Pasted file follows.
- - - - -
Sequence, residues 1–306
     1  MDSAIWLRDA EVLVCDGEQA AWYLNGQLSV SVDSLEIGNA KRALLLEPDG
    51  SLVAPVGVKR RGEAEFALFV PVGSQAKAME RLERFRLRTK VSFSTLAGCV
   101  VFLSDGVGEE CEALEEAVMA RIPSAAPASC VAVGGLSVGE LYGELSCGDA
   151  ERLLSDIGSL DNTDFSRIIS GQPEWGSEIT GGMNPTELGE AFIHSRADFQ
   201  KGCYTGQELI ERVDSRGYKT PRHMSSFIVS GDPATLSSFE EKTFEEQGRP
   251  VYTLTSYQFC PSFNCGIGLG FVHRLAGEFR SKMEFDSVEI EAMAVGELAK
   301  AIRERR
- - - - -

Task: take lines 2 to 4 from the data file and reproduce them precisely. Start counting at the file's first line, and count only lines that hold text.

     1  MDSAIWLRDA EVLVCDGEQA AWYLNGQLSV SVDSLEIGNA KRALLLEPDG
    51  SLVAPVGVKR RGEAEFALFV PVGSQAKAME RLERFRLRTK VSFSTLAGCV
   101  VFLSDGVGEE CEALEEAVMA RIPSAAPASC VAVGGLSVGE LYGELSCGDA